The present study examined the relationship between compassion fatigue, burnout, compassion satisfaction, and self-care among counselors and counselors-in-training. Additionally, the current study investigated if recent life changes, age, sex, race, years of experience, education level, and work/internship setting impacted counselors’ and counselors’-in-training self-reports of compassion fatigue, burnout, compassion satisfaction, and self-care. A total of 253 counselors and counselors-in-training were surveyed through a professional conference, internship classes, and email listservs. Variables were measured through the use of a demographic questionnaire, the Professional Quality of Life Scale (ProQOL 5), the Self-Care Assessment Worksheet (SCAW), and the Recent Life Changes Questionnaire (RLCQ). Pearson-product moment correlations, analysis of variances (ANOVAs), and t-tests were utilized to determine potential relationships between variables. Results indicated that recent life changes impact both burnout and compassion fatigue. Compassion satisfaction appeared to influence burnout, but not compassion fatigue. Results also determined that burnout and compassion fatigue are positively correlated with each other. When examining the demographic variables, results revealed that women experience higher levels of compassion fatigue than men. Burnout was found to be higher for participants who are working or interning in agency and school settings than those in private practices or hospitals. Participants in agency and school settings were also found to be associated with lower amounts of self-care than those in private practices. Nonstudent agency workers were determined to have higher amounts of compassion satisfaction with age and increased engagement in psychological self-care activities. However, self-care was negatively correlated with compassion satisfaction for participants in school settings. Advisors/Committee Members: Cox, Jane A. (Advisor), Rainey, Steve (Advisor).

Subjects/Keywords: Counseling Education; counseling; professional counselors; counselors; counselors-in-training; school counseling; self-care; wellness; helping professionals; compassion fatigue; compassion satisfaction; burnout; counselor wellness; counseling education; recent life changes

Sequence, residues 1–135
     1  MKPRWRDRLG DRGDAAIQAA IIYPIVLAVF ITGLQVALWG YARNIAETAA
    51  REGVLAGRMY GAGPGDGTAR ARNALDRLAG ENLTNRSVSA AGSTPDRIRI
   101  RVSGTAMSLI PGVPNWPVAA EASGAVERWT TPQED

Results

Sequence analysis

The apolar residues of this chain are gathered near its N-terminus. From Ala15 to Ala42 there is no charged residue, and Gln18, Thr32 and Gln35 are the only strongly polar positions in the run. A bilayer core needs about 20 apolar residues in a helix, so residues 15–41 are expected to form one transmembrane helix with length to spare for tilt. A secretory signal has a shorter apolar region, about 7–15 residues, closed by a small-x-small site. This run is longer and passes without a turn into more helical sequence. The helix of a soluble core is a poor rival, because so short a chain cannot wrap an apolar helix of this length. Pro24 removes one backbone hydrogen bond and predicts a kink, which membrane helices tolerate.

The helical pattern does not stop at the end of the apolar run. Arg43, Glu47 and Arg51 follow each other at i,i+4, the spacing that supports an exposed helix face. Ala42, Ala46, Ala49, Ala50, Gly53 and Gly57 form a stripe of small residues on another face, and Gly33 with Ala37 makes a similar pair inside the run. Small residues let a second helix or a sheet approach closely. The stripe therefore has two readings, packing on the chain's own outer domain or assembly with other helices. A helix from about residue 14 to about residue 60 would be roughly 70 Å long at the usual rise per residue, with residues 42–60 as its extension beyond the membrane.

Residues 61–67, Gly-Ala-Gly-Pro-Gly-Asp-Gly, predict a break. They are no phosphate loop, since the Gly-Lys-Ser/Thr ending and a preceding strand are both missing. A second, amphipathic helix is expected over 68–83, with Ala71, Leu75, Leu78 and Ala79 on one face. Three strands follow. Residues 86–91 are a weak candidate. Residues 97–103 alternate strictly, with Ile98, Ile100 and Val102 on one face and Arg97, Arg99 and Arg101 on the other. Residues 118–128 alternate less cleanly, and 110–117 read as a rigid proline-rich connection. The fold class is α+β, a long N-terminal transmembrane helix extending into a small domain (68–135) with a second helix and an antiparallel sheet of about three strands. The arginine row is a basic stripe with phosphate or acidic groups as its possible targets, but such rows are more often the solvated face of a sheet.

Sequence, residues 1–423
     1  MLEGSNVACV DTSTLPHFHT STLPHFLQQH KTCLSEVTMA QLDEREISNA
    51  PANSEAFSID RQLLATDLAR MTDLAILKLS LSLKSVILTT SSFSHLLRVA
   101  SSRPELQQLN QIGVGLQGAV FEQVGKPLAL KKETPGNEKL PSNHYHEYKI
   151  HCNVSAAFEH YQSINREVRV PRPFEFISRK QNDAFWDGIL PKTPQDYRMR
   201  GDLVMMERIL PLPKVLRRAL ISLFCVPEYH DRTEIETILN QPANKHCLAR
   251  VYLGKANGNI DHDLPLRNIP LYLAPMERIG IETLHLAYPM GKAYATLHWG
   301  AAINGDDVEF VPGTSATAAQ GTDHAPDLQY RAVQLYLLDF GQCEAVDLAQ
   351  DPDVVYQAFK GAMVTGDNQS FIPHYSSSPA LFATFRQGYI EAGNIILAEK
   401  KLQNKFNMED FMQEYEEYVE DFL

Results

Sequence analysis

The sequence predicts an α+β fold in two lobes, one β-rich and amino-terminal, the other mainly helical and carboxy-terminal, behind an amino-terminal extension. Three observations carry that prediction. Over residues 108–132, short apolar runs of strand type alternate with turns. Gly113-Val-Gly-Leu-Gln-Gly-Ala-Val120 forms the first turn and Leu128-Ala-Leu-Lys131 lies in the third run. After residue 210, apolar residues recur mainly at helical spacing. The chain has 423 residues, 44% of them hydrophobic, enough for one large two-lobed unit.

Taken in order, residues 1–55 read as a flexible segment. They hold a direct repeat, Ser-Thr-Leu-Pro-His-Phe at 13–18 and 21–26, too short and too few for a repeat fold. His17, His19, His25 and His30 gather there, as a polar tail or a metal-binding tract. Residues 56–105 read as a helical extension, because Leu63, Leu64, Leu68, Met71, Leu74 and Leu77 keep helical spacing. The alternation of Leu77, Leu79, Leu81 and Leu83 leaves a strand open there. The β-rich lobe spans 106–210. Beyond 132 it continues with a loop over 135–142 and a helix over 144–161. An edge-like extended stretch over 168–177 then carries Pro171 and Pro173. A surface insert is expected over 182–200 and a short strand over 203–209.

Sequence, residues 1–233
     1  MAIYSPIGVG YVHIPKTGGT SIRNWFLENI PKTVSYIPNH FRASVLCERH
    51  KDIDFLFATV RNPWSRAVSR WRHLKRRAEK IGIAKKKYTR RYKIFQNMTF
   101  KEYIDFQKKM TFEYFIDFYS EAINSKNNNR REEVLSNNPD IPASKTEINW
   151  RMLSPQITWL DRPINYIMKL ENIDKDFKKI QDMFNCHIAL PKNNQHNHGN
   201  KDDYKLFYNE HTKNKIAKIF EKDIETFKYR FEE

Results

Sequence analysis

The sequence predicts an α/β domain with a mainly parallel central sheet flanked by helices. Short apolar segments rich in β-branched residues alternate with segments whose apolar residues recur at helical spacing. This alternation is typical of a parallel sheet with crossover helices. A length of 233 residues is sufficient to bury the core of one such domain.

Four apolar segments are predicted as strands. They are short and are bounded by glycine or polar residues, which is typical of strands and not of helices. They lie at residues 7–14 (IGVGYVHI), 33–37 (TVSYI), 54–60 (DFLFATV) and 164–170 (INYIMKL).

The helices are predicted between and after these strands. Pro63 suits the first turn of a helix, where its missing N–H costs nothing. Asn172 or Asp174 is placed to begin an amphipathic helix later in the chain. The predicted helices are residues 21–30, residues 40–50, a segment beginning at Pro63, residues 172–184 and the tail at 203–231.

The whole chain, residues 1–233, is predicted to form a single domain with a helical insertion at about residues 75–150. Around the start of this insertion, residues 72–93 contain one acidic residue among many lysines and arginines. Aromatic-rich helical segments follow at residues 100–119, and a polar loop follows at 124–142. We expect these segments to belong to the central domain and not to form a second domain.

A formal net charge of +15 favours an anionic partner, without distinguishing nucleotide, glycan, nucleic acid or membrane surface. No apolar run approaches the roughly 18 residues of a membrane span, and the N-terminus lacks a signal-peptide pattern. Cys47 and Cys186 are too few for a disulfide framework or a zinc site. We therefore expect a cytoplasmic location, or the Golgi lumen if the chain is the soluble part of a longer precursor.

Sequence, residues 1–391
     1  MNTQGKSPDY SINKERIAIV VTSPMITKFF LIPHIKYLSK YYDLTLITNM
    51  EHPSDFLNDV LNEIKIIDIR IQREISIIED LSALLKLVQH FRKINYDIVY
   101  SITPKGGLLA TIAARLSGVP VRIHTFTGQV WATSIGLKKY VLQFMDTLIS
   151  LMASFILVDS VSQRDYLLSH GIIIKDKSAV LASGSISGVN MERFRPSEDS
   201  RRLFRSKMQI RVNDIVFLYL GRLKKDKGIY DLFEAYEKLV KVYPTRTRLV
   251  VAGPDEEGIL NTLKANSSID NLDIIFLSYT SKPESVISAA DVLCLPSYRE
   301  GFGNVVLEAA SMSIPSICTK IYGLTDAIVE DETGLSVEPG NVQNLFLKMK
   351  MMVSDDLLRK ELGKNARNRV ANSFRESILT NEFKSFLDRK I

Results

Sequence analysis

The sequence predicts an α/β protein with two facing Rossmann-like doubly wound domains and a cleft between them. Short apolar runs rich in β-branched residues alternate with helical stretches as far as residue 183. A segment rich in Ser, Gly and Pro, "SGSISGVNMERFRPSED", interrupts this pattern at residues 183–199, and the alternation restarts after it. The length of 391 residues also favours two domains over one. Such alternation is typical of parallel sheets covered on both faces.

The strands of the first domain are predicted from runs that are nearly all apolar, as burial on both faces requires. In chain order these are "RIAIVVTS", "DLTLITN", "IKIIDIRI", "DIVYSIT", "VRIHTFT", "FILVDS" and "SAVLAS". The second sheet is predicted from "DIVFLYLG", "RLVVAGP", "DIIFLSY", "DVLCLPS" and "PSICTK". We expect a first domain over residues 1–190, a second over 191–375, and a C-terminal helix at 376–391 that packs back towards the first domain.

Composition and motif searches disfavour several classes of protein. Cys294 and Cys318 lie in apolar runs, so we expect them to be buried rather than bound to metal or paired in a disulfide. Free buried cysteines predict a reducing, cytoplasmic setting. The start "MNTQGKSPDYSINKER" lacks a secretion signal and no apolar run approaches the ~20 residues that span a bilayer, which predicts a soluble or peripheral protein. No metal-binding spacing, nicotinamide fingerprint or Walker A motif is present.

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APA · Chicago · MLA · Vancouver · CSE | Export to Zotero / EndNote / Reference Manager

APA (6th Edition):

Star, K. L. (2013). THE RELATIONSHIP BETWEEN SELF-CARE PRACTICES,BURNOUT, COMPASSION FATIGUE, AND COMPASSION SATISFACTION AMONG PROFESSIONAL COUNSELORS AND COUNSELORS-IN-TRAINING. (Doctoral Dissertation). Kent State University. Retrieved from http://rave.ohiolink.edu/etdc/view?acc_num=kent1364220500

Chicago Manual of Style (16th Edition):

Star, Katharina L. “THE RELATIONSHIP BETWEEN SELF-CARE PRACTICES,BURNOUT, COMPASSION FATIGUE, AND COMPASSION SATISFACTION AMONG PROFESSIONAL COUNSELORS AND COUNSELORS-IN-TRAINING.” 2013. Doctoral Dissertation, Kent State University. Accessed July 17, 2019. http://rave.ohiolink.edu/etdc/view?acc_num=kent1364220500.

MLA Handbook (7th Edition):

Star, Katharina L. “THE RELATIONSHIP BETWEEN SELF-CARE PRACTICES,BURNOUT, COMPASSION FATIGUE, AND COMPASSION SATISFACTION AMONG PROFESSIONAL COUNSELORS AND COUNSELORS-IN-TRAINING.” 2013. Web. 17 Jul 2019.

Vancouver:

Star KL. THE RELATIONSHIP BETWEEN SELF-CARE PRACTICES,BURNOUT, COMPASSION FATIGUE, AND COMPASSION SATISFACTION AMONG PROFESSIONAL COUNSELORS AND COUNSELORS-IN-TRAINING. [Internet] [Doctoral dissertation]. Kent State University; 2013. [cited 2019 Jul 17]. Available from: http://rave.ohiolink.edu/etdc/view?acc_num=kent1364220500.

Council of Science Editors:

Star KL. THE RELATIONSHIP BETWEEN SELF-CARE PRACTICES,BURNOUT, COMPASSION FATIGUE, AND COMPASSION SATISFACTION AMONG PROFESSIONAL COUNSELORS AND COUNSELORS-IN-TRAINING. [Doctoral Dissertation]. Kent State University; 2013. Available from: http://rave.ohiolink.edu/etdc/view?acc_num=kent1364220500